Jenn M. Jackson is a doctoral candidate in American Politics who entered the program in 2014. Her primary research topics include Black Politics, news media, social movements, and gender & sexuality. 

In her dissertation, Jackson investigates the ideas and actions of young political actors to answer the question, "What has changed about Black Politics?". Methodologically, she utilizes quantitive analysis of survey data, computationally-coded news content, and qualitative analysis in the form of interviews and case study method to answer critical questions concerning the emergence of social movement organizations and their impacts on the mainstream public sphere.

Jackson is a 2017-2018 Urban Doctoral Fellow, a 2016-2017 APSA Minority Fellow and a 2014 Graduate Parent Fellow. She has received the Edith Heller Juda Scholarship, an award given to highly motivated students at the University of Chicago who have demonstrated a personal commitment to social and economic justice for all people and who have indicated their intention to dedicate themselves and their professional careers to the pursuit of these fundamental objectives, during each year of her graduate career at the University.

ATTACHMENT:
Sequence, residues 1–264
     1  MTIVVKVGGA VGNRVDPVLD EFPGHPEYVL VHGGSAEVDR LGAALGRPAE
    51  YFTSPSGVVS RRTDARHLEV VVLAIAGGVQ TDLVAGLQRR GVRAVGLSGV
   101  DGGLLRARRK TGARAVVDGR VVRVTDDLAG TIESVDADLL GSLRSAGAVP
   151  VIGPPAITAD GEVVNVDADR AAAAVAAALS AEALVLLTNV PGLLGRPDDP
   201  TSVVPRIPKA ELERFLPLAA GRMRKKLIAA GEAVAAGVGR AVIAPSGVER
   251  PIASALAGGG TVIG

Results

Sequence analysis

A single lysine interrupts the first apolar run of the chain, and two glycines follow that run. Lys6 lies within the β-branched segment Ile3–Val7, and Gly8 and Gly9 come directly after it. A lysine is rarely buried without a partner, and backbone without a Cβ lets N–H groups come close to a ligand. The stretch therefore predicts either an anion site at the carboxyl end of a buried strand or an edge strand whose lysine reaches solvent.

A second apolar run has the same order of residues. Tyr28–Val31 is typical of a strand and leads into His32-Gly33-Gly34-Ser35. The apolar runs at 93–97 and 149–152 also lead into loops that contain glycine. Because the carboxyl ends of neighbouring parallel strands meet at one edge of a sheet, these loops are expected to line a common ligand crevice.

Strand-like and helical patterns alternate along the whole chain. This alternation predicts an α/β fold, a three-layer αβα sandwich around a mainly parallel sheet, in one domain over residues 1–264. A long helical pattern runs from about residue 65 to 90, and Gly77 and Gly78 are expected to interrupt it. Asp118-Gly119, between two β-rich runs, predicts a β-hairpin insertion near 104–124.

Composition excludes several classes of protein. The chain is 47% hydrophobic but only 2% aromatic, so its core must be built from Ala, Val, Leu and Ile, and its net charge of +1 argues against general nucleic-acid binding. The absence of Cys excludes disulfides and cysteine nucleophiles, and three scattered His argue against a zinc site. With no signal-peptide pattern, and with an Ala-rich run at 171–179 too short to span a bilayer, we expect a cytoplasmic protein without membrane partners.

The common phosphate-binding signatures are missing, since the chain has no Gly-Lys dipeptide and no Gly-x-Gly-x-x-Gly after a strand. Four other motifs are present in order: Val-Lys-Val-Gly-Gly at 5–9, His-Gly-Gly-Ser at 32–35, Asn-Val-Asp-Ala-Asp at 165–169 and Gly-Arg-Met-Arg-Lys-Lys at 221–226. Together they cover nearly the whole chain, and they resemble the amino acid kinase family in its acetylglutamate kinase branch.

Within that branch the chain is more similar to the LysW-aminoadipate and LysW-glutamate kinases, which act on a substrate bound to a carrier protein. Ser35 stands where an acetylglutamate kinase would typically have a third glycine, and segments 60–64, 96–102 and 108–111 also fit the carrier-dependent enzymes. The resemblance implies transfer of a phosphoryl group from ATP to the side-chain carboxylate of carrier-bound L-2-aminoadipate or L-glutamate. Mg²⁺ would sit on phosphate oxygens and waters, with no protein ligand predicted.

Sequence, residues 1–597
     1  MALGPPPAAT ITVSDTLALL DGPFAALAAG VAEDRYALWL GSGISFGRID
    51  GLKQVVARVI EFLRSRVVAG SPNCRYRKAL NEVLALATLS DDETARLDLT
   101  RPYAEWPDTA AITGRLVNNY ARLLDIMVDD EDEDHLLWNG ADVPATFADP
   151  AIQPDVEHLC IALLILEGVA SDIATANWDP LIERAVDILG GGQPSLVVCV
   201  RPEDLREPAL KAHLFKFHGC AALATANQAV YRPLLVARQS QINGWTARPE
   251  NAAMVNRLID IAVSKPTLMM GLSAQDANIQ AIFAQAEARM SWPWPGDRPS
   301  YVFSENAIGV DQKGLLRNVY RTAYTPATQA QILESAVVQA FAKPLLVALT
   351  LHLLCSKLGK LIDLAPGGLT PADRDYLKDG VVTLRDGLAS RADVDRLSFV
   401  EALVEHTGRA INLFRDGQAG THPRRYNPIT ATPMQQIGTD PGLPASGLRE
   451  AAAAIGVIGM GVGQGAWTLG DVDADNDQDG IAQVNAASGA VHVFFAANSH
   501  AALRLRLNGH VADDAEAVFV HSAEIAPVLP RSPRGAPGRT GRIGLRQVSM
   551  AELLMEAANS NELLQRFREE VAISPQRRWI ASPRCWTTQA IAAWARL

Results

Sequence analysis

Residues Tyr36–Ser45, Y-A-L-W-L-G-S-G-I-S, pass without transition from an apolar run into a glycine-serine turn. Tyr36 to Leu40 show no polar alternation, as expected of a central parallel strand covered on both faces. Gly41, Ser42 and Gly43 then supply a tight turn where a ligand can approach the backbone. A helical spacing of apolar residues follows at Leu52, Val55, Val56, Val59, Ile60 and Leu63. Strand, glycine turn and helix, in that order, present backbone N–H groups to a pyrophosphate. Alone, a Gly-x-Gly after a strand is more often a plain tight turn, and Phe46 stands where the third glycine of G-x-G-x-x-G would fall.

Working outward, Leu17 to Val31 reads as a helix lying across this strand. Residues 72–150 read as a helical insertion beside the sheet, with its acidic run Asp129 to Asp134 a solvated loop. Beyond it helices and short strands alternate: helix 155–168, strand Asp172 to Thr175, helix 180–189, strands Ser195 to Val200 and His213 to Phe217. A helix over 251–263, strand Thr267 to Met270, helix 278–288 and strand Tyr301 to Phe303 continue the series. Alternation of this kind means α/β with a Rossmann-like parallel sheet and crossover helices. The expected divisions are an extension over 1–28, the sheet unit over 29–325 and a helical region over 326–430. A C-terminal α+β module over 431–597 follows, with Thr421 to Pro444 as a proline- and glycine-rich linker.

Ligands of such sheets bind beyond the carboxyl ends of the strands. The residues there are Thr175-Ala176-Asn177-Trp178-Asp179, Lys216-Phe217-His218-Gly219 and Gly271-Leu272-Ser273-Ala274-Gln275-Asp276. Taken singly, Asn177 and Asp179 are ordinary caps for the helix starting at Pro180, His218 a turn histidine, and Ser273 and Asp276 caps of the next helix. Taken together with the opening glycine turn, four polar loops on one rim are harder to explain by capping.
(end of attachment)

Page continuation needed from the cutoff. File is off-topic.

For the 2016-2017 and 2017-2018 academic years, Jackson serves as a co-facilitator for the American Politics Workshop in the Department of Political Science at the University of Chicago. She works as a Researcher at the GenForward Survey Project where she conducts research on social issues facing millennials. Jackson also served as the Managing Editor for the Black Youth Project at the University of Chicago from 2015 to 2017 where she empowered voices of Black millennials in the digital space and educated Black and Latino/a Chicago-area students on research methods and student activism. 

Born in Oakland, CA, she earned a BS in Industrial Engineering from the University of Southern California with a minor in Sociology. She went on to earn an MA with honors in Political Science from California State University, Fullerton where she later taught Political Science Research Methods and Black Politics.

Her personal website is